Debugging occurs over USB and as long as your mobile device is connected to your development machine, you can view and change HTML, scripts and styles until you get a bug-free page that behaves perfectly on all devices.


    To start debugging, you need to have:

  • An Android phone or tablet with Google Chrome for Android 32 or later installed from Google Play.
  • A USB cable to plug in your device. (Windows users will also need to install an appropriate USB device driver.)
  • Google Chrome 32 or later installed on the system you wish to use as your debugging host.

Step #1: Setting up your device

    In order to debug over USB, you need to setup your Android device for development.
    To enable USB debugging:
  • On Android 4.2 and newer, Developer options is hidden by default. To make it available, go to Settings > About phone and tap Build number seven times. Yup, just tap it 7 times, even if it seems crazy. Then, return to the previous screen to find Developer options.
  • On Android 4.0 and 4.1, it's in Settings > Developer options.
  • On most devices running Android 3.2 or older, you can find the option under Settings > Applications > Development


Step #2: Connecting directly over USB

    DevTools now supports native USB debugging of connected devices. You no longer need to configure ADB or the ADB plugin to see all instances of Chrome and the Chrome-powered WebView. on devices connected to your system. This functionality works on all OS's: Windows, Mac, Linux and Chrome OS. Just visit "about:inspect" and verify Discover USB Devices is checked. This direct USB connection between Chrome and the device may interrupt an `adb` connection that you may be trying to establish. If you need to use the `adb` binary for other reasons, uncheck the "Discover USB Devices" checkbox, unplug the device, and plug it back in, before establishing your connection via `adb devices`.


    If you encounter problems with the above technique, or are using an older version of Chrome, you can try the legacy workflow for connectivity which uses the adb binary from the Android SDK.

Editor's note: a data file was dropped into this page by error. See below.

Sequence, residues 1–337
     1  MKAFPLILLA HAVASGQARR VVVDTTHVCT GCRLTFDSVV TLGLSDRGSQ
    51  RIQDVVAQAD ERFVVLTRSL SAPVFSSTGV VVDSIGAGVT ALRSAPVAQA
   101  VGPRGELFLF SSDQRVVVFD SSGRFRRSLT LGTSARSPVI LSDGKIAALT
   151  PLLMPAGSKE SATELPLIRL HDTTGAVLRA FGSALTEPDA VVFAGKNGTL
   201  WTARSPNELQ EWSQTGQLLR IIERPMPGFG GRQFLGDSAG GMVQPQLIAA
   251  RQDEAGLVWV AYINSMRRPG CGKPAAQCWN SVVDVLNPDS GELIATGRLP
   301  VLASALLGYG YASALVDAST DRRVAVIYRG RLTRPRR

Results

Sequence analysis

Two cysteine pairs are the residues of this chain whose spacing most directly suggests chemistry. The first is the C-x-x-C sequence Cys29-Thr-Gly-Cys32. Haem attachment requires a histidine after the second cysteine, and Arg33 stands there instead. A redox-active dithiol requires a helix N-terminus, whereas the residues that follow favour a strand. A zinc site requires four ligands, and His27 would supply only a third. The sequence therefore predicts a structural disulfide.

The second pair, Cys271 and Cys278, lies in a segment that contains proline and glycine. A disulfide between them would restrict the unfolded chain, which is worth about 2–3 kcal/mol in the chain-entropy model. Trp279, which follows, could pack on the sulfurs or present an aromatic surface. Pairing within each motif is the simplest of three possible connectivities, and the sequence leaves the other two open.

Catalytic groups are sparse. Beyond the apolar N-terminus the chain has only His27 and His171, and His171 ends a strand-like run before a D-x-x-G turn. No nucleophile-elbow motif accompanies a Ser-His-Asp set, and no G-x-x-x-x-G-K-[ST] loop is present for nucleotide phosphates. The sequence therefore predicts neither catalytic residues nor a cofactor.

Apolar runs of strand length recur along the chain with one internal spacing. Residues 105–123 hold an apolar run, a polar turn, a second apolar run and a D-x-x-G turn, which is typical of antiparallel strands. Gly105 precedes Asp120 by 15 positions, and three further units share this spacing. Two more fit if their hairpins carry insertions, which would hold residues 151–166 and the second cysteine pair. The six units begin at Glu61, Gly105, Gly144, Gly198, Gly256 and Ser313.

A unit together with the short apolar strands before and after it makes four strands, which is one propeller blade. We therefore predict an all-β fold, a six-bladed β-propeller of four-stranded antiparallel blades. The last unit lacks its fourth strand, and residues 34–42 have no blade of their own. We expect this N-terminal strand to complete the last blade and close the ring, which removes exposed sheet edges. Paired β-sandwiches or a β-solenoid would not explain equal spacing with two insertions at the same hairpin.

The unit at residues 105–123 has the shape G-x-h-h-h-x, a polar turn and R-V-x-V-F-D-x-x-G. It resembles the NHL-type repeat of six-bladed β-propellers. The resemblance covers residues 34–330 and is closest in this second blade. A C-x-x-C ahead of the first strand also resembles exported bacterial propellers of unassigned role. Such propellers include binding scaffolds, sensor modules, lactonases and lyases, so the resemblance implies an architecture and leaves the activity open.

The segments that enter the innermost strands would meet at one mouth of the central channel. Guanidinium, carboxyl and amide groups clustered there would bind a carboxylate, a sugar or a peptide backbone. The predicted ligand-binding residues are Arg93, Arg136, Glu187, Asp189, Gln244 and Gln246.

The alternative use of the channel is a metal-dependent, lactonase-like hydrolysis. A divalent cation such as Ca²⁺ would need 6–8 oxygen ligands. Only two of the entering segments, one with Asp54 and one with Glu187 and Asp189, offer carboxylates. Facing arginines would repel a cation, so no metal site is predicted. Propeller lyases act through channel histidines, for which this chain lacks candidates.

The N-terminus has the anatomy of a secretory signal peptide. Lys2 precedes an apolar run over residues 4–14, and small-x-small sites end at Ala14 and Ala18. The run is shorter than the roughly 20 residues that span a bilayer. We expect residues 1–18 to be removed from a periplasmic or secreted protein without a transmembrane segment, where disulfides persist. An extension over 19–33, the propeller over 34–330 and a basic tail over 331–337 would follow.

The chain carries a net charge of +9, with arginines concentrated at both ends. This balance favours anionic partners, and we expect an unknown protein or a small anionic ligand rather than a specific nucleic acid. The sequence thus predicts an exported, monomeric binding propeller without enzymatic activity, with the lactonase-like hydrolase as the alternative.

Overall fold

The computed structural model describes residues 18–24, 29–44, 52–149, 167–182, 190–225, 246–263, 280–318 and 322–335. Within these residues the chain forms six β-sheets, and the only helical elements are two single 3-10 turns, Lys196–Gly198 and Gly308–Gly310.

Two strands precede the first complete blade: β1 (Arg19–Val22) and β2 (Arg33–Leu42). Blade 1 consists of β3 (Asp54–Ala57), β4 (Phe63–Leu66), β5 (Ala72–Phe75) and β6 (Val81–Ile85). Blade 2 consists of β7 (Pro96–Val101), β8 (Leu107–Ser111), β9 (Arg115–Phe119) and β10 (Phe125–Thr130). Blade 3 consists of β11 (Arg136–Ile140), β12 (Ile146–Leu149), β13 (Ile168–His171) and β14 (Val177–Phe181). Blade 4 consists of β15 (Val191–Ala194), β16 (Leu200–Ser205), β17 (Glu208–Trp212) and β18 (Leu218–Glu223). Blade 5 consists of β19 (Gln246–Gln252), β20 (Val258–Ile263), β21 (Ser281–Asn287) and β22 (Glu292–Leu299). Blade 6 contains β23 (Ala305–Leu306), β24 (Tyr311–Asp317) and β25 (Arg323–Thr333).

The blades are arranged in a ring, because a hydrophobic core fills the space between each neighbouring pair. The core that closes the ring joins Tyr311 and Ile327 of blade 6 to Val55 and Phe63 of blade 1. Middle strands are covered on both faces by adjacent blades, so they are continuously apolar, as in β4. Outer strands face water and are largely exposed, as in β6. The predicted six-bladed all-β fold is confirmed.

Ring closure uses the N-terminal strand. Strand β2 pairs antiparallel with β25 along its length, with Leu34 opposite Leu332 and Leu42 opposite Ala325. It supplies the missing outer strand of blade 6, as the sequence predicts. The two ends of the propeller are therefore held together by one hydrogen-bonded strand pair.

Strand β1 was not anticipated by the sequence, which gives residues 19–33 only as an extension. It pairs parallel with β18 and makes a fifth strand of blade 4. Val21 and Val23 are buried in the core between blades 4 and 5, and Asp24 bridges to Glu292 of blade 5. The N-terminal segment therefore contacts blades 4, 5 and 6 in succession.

• Connect your mobile device to the host using a USB cable.
  • Ensure your device is listed as available, by issuing the adb devices command. If not, please check that you have USB debugging enabled on your device.
  • On the mobile device, launch Chrome. Open Settings > Advanced > DevTools and check the Enable USB Web debugging option.
  • Issue the following command in the terminal or console on your host machine to enable port forwarding:
adb forward tcp:9222 localabstract:chrome_devtools_remote

  • If you get a "device not found" error, run the adb kill-server command to resolve.
  • Now open desktop Chrome and navigate to localhost:9222.
  • You will be presented with the set of thumbnails for pages currently open in tabs on your mobile Chrome. Choose the page you would like to debug.


Step #3: Connect your device
  • Connect your mobile device to the development machine using a USB cable.
  • When connecting your device to your development machine, you may see an alert on the device requesting permission for USB debugging from this computer. To avoid seeing this alert each time you debug, check Always allow from this computer and click OK.


    Now, to see all connected devices, go to the Chrome menu > Tools > Inspect Devices:


  • You can have multiple devices simultaneously connected as well as multiple versions of Chrome open on each device.
  • You will be presented with the set of thumbnails for pages currently open in tabs on your mobile Chrome. Choose the page you would like to debug. Find the tab you're interested in and click the inspect link to open DevTools on it. You may also reload the page, bring it to the front, or close it. Lastly, you can open new links on the device through a text input field.
Step #4: Debug your Application
    You can now start debugging and profiling mobile content in the DevTools on your desktop.



    For example, inspect an element in the page you have selected and you will notice the element highlight in Chrome mobile on your device in real time.


    Similarly, editing scripts or executing commands from the Dev Tools console will also apply to the page being inspected on your device, as seen below.


    Hope this article helps you resolve the device specific issues better and hope this has saved you some time and loads of frustration. Till next time, keep reading, keep developing, keep deploying! =)

If this post has helped you, leave a comment or show your love by liking the Spatial Unlimited Facebook page. You could even consider buying me a coffe! Till next time; happy coding!